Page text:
Wednesday, 18 August 1999
Lawrence Sterne: The Life and Opinions of Tristram Shandy, Gentleman (1759)
It is difficult to know where to begin in describing Sterne's famous work, as many commentators have remarked. It is not really a novel, such plot as it has being far too loosely structured for that. It purports to be an autobiography, but by the end of it we still know hardly anything of the life of Tristram Shandy. (Apart from scattered remarks, all we get are descriptions of the day of his birth, a day when he suffered an accident at the age of five, and a trip through France. We aren't even told enough to be definite whether the woman Jenny, mentioned in several places, is his wife or not.) In describing his opinions, the title is rather more accurate, though we probably get more of the opinions of Tristram's father than of Tristram himself.
I suppose Tristram Shandy is basically a parody of the memoirs of an eighteenth century gentleman. It is hilariously funny in places, though it requires some concentration to catch the jokes - I know a couple of people who found it impossible to get into. It certainly pays to keep a finger in the notes at the back of a copy, unless you speak Latin and Greek and are familiar with a vast range of literature from the classical period onwards, and know a fair amount about the wars of the early eighteenth century.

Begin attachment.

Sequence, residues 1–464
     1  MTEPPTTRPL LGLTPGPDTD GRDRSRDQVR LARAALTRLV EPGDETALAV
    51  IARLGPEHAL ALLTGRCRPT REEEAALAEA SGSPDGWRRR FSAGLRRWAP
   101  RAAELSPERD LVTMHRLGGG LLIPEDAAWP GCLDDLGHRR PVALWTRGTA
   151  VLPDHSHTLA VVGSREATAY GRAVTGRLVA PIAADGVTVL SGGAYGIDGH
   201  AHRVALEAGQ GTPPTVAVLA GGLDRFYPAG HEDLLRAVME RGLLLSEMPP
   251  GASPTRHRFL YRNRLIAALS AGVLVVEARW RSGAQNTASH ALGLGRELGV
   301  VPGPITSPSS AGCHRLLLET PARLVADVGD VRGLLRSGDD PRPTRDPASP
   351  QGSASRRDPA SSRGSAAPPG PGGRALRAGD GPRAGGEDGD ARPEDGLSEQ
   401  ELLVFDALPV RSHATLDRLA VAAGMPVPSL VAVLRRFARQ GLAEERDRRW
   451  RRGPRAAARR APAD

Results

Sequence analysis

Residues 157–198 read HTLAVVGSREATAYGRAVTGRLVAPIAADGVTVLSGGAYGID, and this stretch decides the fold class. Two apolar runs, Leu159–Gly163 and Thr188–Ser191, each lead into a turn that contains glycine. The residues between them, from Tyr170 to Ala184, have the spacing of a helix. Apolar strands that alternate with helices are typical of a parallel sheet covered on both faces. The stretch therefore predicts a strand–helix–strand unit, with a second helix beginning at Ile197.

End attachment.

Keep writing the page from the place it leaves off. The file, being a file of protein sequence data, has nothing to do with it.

Tristram Shandy's importance in the development of the novel was in its narrative style, which prefigures many of the experimental writers of the twentieth century. It is not really concerned with the subject that it is meant to be about - which is why we learn so little of Shandy's actual life - but instead it is about whatever takes the fancy of the supposed author. It is full of digressions, imagined conversations with readers and critics, and Shandy as narrator gives a convincing impression of disorganised brilliance. Sterne, of course, has to be far more disciplined, so that Shandy never steps out of character. In an odd sort of irony, in fact, we are totally conscious of Shandy as narrator but never really aware of Sterne as his puppeteer.
This structure is meant to give us insight into the mind of Shandy, and is a direct precursor of one of the most important literary styles of the twentieth century, stream of consciousness. The book is full of conversations with readers and commentary on what is going on (statements like "I promise that the chapter on buttons will be written eventually, but I must give you the chapter on chambermaids first"). This may seem a little arch (though fashionably post-modernist) to our tastes today, but it can be very funny.
The work in the canon of English literature which is perhaps most like Tristram Shandy is Joyce's Ulysses. Both are universal in scope (Ulysses more subtly so) though apparently parochial; both establish a complex relationship between writer and reader. Both are funny and bawdy, though Tristram Shandy lacks something of the serious and pessimistic nature of Leopold Bloom; one is a product of the eighteenth century, the other of the twentieth.